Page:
Mexican Billionaires Rivalry Plays Out On Country's Football Fields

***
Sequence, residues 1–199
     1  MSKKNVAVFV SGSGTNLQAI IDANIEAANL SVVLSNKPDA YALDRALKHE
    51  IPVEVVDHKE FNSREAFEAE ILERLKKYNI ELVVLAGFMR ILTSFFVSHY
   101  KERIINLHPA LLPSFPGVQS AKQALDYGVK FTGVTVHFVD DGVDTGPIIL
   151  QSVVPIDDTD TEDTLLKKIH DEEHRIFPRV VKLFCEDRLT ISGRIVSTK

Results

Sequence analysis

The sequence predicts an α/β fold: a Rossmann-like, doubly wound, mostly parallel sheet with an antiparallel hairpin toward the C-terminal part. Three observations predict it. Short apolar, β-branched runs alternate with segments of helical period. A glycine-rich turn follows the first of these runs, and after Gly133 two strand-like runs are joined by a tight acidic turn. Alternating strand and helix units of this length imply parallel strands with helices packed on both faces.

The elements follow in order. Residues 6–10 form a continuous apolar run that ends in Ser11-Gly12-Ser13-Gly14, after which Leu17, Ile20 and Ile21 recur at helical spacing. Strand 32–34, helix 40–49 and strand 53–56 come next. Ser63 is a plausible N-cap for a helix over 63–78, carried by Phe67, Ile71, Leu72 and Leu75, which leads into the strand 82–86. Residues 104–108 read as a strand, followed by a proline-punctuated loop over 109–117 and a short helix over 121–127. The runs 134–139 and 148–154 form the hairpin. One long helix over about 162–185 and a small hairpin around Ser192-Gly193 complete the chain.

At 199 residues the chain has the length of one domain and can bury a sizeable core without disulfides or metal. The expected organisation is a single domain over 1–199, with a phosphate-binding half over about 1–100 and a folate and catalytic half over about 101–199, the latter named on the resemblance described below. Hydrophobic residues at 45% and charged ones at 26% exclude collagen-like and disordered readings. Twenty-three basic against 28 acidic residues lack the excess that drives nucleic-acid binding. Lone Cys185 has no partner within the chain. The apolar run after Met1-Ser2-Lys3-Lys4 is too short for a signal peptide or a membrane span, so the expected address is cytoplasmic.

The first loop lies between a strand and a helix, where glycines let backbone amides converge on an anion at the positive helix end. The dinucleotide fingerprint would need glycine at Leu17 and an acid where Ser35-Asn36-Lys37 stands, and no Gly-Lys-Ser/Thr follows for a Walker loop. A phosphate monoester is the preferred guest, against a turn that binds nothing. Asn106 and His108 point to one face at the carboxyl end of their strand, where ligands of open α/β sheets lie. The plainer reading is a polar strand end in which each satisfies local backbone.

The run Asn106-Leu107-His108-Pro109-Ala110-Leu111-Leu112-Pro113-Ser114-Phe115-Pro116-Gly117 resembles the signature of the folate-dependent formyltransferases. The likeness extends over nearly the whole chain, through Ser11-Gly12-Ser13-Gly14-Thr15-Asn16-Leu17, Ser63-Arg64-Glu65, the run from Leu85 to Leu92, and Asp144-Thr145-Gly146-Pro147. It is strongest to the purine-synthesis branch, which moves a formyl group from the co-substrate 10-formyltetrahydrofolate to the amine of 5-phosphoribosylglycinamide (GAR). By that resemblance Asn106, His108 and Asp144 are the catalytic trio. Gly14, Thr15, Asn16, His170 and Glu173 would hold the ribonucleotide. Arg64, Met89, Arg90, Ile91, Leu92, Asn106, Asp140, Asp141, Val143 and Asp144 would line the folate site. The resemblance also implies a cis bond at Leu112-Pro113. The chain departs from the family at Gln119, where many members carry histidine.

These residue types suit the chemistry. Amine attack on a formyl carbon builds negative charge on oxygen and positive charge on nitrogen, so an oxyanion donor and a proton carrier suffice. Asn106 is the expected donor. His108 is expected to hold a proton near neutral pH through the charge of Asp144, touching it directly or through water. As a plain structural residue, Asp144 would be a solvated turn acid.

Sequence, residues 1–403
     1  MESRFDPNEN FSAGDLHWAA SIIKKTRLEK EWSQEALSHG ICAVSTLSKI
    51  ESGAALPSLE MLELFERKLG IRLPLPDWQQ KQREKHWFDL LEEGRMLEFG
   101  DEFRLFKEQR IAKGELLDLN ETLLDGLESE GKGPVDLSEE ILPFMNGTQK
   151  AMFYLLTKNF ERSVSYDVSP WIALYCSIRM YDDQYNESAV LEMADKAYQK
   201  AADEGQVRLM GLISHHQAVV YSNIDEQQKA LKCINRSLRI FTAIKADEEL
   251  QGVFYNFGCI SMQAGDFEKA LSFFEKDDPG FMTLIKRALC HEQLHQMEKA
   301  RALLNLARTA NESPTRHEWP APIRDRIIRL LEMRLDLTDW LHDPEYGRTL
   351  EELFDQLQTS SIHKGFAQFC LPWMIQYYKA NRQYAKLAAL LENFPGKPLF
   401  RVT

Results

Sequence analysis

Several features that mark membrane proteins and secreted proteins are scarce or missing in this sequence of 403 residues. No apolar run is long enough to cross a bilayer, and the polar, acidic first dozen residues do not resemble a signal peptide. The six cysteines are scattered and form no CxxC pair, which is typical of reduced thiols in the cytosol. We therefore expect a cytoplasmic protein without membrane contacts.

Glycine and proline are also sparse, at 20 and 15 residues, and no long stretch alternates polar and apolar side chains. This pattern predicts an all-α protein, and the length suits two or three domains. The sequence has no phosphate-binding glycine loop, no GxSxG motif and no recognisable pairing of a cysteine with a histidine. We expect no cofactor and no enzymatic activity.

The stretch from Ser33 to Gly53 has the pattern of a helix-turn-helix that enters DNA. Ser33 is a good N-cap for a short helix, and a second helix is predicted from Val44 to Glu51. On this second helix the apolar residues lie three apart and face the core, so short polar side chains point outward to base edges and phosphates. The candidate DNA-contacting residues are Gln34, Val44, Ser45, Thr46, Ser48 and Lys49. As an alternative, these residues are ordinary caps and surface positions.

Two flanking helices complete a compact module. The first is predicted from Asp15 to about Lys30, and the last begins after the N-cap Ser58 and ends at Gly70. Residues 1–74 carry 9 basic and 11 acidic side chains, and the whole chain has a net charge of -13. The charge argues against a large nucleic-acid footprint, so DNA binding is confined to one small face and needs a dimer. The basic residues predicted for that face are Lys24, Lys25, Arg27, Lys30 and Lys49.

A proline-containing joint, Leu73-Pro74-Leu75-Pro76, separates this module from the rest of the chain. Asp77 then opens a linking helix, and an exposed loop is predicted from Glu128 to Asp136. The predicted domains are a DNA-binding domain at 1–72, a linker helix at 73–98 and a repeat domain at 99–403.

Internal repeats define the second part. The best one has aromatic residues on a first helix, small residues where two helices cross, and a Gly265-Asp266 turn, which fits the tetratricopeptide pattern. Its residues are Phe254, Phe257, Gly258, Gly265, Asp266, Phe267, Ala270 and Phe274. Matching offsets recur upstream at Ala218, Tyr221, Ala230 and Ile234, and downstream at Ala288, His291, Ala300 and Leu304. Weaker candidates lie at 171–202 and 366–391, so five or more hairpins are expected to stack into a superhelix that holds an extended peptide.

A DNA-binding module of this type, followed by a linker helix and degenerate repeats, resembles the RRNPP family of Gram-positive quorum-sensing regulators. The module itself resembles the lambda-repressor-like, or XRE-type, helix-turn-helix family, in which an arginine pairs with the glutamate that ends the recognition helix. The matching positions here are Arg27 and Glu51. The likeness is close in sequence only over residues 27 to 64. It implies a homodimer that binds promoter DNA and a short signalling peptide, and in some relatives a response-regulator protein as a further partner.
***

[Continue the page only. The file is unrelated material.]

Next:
Mexican billionaires Carlos Slim and Emilio Azcarraga, who typically go head-to-head for phone customers and TV viewers, are "taking their rivalry to the soccer field this week in their country’s championship game," according to Patricia Laya of BLOOMBERG. Slim, the owner of the nation’s biggest wireless carrier, is an investor in Club Leon, which is a finalist in Mexico’s national league. The team is squaring off against reigning champ Club America, controlled by TV magnate Azcarraga, in a two-game series starting Thursday in Leon’s home stadium. Caught "in the crossfire" are the legions of Mexican fans who "won’t be able to watch because of an agreement to televise the match only on cable for the first time." After Slim’s America Movil SAB acquired a stake in Leon last year, the club "signed a broadcast-rights deal with cable’s Fox Sports." Mexico City Iberoamericana University media and sports professor Miguel Angel Lara said, "Soccer in Mexico is not only a popular sport. It moves economic and politic interests. It’s more than a sport here." The Leon investment is "part of Slim’s effort to collect media assets, including a stake in soccer team Club Pachuca and the rights to air the Olympics, to attract viewers to America Movil’s website with exclusive programming." While the company "doesn’t have its own pay-TV service," it has said that recent changes in Mexican law "may give it the opportunity to enter the market." Slim "will also broadcast the games through America Movil’s online news outlet, Uno TV Noticias, which a growing number of Mexicans with smartphones can access." That is "aiding the billionaire in his battle against Azcarraga’s Televisa," which owns the nation’s most-watched over-the-air TV channel and has invested in cable TV and mobile-phone carriers, putting it "directly in competition with Slim." Lara: "Soccer is one of those scenarios where they can fight each other openly." Televisa, the nation’s largest broadcaster, will air the second leg of the final on Sunday when both teams play in Mexico City’s Azteca Stadium, owned by Televisa. Press officials for both companies "didn’t reply to requests for comment" (BLOOMBERG, 12/11).